Belgian hockey: It ain’t a sprint, it’s a marathon on a mountain

Belgium’s champion brilliance, and its ability to match the traditional hockey powerhouses stride for stride, have been marvels of the modern age. But this marvel has been more than a decade in the making.

Mission accomplished: “We said before the Olympic Games, we have one mission! We wanted to make Belgium dream and smile again after a difficult year. We wanted to make Belgium proud, and Belgian people could identify themselves in our team values. We did it!,” says goalkeeper Vincent Vanasch.   -  Getty Images

On August 5, 2021, at about 1 p.m. Central European Summer Time, a motley crew of players from Belgium found itself on the verge of history. If Belgium beat Australia in the penalty shootout at the Oi Hockey Stadium in Tokyo, the Red Lions, as they’re known, would be crowned Olympic champions.

As Belgium's heroic goalkeeper Vincent Vanasch denied Australia's Jacob Whetton his fifth penalty retake and handed Belgium a 3-2 victory, it was a case of one better for the Belgians who won the silver medal in Rio, losing to Argentina. Vanasch recalls the mood on that victorious night in Tokyo. “After that very final save, I remember getting up, looking at the boys… they were crazy, tears of joy, and came at me like a white wave… Great moment,” he says. “We have faced so many obstacles to achieve our dream. I think it reveals our character and how much resilience we have got. It also shows how much love and trust we have for each other. We are a special team. I had a special thought to my wife, my little son, my family and for Belgium. We said before the Olympic Games, we have one mission! We wanted to make Belgium dream and smile again after a difficult year. We wanted to make Belgium proud, and Belgian people could identify themselves in our team values. We did it!”

READ: Hockey, youth system, sacrifice: The story of Belgium's remarkable rise

Has there been a more compelling story in hockey history? In 2011, Belgium was ranked 11th in the world, well below Australia, Germany and the Netherlands. The gulf between the top three teams and a No. 11 is vast. It might seem odd to be overwhelmed by Belgium’s excellence now. Its champion brilliance, and ability to match the traditional hockey powerhouses stride for stride, have been marvels of the modern age. But this marvel has been more than a decade in the making.

Gaining popularity: Alexancer Hendrickx thinks Belgium’s upswing is the result of “more training, better infrastructure and more funding. Before all players had to work and trained 1-2 times a week. Now we are full-time hockey players and train six days a week. Then with good results, the sport gets more attention, more kids start to play, more talent develops itself to become future top hockey players,” he says.   -  AP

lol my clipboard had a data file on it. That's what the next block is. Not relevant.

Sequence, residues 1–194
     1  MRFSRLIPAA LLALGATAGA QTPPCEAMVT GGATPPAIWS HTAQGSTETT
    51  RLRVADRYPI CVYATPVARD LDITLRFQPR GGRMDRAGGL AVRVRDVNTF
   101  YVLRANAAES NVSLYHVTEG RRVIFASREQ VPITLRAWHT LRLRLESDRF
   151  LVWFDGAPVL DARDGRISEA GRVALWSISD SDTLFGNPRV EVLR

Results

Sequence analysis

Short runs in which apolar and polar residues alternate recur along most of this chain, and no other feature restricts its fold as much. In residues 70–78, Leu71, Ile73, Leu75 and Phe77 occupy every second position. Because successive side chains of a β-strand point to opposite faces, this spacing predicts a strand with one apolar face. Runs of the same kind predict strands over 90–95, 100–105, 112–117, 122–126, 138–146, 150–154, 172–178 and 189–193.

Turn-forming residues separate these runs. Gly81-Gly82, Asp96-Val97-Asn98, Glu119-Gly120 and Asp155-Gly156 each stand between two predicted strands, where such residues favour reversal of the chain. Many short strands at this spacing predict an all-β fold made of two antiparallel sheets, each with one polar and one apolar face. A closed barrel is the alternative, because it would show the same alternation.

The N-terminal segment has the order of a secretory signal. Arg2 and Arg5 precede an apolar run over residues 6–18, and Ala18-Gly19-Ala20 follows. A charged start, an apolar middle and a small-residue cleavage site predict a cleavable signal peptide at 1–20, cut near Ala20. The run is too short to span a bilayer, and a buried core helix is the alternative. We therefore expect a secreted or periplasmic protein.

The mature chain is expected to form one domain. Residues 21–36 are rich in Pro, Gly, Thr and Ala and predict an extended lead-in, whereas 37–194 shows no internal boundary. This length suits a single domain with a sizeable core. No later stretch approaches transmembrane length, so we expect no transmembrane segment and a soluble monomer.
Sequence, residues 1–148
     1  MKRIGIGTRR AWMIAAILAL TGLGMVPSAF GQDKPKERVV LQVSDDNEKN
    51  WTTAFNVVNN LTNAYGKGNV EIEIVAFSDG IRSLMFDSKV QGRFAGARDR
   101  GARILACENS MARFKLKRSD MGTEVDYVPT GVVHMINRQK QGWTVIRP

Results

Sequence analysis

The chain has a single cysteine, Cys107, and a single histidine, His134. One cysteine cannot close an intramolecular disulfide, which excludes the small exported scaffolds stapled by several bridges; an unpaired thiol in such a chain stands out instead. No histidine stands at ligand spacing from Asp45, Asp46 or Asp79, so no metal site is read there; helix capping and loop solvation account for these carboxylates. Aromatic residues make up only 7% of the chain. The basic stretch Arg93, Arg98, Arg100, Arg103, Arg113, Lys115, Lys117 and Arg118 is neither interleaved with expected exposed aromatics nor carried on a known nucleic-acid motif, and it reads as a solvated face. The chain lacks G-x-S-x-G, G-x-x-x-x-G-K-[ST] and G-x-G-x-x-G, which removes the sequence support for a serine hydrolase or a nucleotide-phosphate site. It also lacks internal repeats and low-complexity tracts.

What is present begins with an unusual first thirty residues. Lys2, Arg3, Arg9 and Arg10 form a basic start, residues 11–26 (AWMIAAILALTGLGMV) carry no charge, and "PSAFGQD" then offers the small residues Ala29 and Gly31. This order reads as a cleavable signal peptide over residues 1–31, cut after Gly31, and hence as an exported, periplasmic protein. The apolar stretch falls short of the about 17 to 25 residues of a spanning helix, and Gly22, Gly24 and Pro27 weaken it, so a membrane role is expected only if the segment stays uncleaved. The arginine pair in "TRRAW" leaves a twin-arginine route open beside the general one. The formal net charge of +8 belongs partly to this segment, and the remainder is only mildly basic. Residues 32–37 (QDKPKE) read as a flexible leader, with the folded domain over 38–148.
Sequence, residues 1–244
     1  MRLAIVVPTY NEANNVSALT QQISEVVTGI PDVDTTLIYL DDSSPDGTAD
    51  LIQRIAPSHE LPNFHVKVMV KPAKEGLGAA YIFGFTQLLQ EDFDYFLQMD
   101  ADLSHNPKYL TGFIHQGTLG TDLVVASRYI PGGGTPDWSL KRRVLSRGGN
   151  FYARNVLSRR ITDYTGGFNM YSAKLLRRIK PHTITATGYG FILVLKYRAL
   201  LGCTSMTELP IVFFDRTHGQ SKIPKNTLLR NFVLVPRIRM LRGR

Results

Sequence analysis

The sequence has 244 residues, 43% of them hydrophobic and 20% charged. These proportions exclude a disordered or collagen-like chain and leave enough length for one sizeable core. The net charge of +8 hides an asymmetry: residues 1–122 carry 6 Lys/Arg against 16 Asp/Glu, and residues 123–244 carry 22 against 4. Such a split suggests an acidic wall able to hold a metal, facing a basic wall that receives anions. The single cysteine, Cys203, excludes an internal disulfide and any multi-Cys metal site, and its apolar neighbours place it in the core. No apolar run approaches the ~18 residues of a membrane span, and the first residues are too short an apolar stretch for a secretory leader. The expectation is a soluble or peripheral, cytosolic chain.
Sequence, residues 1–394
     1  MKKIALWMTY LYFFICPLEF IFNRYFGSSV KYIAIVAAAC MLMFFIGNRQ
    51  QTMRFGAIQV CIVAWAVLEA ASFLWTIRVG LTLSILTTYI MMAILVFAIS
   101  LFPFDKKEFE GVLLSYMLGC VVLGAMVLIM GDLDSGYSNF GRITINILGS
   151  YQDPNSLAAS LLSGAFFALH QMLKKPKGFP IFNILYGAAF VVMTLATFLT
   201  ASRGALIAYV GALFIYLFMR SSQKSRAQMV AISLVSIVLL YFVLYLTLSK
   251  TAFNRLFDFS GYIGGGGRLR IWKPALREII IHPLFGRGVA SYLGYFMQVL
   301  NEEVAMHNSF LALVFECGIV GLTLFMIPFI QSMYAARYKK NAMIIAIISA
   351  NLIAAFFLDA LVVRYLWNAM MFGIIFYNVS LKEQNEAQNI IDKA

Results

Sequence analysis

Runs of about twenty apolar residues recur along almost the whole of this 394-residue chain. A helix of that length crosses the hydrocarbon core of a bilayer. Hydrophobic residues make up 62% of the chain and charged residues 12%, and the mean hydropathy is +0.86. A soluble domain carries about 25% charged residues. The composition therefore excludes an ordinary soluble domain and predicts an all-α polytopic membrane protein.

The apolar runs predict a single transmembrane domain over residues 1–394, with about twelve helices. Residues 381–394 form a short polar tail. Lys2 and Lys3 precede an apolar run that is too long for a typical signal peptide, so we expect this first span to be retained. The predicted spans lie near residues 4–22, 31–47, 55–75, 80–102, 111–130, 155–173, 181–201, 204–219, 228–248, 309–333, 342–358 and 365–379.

“We have to work harder than everyone in a smart way. We wanted to progress in a long term. Of course, we wanted to win every tournament, but we had no experience at the start. I see our journey like a marathon on a mountain. We didn’t want to win just once like a little sprint. We want to win multiple ones like during a marathon of 5-10-15-20 years…

"Why on a mountain, because you have to climb it to the top. Of course, everyone is different and everyone has his own pathway but we are going to give our very best and try to become the best version of ourselves to reach the top and make the team stronger. When you lose a game, a knockout game, a final, it’s important to fall forward (not backward because you are going to be back at the start of the mountain), to learn from the mistakes and to keep moving forward with all your experience,” Vanasch says.

Belgium is a tiny country with a population of just 11 million. To put the nation’s success into context, there are fewer people in Belgium than in the entire city of Mumbai, which has a population of 12.5 million (2011 census). And yet, Belgium has 53 FIH certified hockey fields, four more than India’s. Such has been Belgium’s relationship with hockey over the last 10 years. It has been developed into an institutional obsession, seeded from the top-down through the national federation Hockey Belgium, the training camps and individuals. “I think that the vision of Marc Coudron (Royal Belgian Hockey Association (KBHB) president) about Belgian hockey was outstanding. He knew what we needed, and he worked hard to give all the tools to the national teams to perform on a higher level. He said: ‘I m not afraid to get surrounded by people who are better than me,’” says Vanasch.

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“You also have a generation like mine which sacrifices everything to live for hockey (family, friends, study, holidays,…), to be proud to be Belgian. We had several dreams, and we achieved them all… Now we want to hunt back and show that it was no accident.”